Marriage to Gravity
"The uniting of strength, mind and breath while dropping with the weight of the body. The merger of all of the above factors at the time the body drops greatly adds to the force of a blow or strike."
(Ed Parker - Kenpo Karate) The Overlook Martial Arts Dictionary - Pub 1983.
The follow is a study of the various speeds in patterns, such as fast and continuous motion, and how we do sinewave.
"In the beginning", there was only normal, fast and slow motion. Continuous came later, then finally connecting with the publishing of the second edition of the 15 volume Encyclopedia in 1983.
There is generally no problem with understanding slow and connecting motion... connecting being two movements in the one sinewave and one breath...like hooking block/punch in Yul-Gok, scooping block/punch in Ge-Baek.
But what is the difference between fast and continuous motion?
Is it the sine wave? Is it the breathing? Is it the overall speed or time it takes to complete the movements? Is it the interval of time between the two movements?
Let's look at these one by one:
With the continuous motion in Dun-Gun, General Choi gave very clear instructions to drop down after the low block, then rise up, then down on the rising block. In other words, full sine wave. Down-up-down. In Po-Eun however, every continuous movement is NOT done with full sinewave - the final "down" of the preceding movement becomes the first "down" of the next. So there is no clear rule there. There is also the fast motion in Ul-Ji which is just one movement - dropping into x-stance...so how can we make a clear rule to do with sinewave? Then there is fast motion with kicks also - like in Hwa-Rang and Choong-Moo...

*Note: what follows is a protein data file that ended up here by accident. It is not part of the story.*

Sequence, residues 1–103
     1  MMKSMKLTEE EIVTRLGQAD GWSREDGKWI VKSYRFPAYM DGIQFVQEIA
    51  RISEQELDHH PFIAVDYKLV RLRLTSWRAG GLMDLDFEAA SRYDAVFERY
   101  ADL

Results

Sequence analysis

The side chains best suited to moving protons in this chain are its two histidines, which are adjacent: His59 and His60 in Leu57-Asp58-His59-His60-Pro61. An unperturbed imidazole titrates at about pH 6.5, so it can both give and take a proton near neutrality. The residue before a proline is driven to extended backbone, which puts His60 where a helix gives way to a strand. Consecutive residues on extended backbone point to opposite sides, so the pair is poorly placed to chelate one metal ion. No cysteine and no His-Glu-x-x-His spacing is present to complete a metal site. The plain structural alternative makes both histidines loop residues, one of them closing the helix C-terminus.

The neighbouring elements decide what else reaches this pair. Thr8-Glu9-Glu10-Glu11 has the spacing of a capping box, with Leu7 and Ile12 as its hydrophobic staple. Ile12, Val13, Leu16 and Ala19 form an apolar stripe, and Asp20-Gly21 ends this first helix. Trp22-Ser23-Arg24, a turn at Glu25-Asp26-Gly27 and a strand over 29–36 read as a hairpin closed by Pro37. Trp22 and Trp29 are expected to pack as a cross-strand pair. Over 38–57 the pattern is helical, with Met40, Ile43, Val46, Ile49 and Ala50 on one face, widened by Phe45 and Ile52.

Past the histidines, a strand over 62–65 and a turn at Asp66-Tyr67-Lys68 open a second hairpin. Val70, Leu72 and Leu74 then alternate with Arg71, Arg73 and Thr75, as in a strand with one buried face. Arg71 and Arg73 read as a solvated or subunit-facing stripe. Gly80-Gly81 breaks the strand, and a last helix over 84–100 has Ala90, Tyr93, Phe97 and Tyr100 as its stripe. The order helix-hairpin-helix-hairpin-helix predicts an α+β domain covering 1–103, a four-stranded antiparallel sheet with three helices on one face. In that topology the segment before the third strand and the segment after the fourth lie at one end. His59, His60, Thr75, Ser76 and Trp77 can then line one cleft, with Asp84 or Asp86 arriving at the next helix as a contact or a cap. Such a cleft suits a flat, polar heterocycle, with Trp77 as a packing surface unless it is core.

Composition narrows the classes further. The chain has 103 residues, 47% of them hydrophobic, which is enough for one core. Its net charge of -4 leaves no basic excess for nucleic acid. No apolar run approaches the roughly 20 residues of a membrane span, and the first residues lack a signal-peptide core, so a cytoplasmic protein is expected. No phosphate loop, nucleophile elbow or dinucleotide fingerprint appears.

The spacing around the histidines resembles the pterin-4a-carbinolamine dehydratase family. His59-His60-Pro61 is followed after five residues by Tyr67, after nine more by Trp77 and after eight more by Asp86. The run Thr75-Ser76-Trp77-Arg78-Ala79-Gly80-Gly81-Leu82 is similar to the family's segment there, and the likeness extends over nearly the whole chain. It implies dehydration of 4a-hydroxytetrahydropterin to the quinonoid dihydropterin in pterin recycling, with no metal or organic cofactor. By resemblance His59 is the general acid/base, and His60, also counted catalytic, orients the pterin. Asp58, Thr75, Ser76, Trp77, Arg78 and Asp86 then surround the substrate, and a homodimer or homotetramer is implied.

The ITF Technical Committee also offered this definition of continuous motion and sinewave at the seminar in New Zealand, August 2004: Movements in continuous motion should be completed using full sine wave (down-up-down) unless there are more than 2 movements (eg Po-Eun 6-12, 24-30 and Yoo-Sin 16-19), in which case perform a 2/3 sinewave. This definition holds true on my chart in the Sinewave study below.
Both fast and continuous movements call for individual breaths...although the General tended to "merge" his breaths somewhat on continuous motion. The ITF Technical Committee further explained continuous motion breathing as inhaling only once, then breathing out on each technique as you execute it. (NZ seminar, August 2004). Connecting motion has only one breath.
It should be noted (just to confuse things) that there appears to be a mistake in the Encyclopedia. It says in the Theory of Power section that each movement should have one breath except for "continuous motion". This I think is an error, as it states in the Training Secret section "except on connecting motion".
Over-all speed or time taken: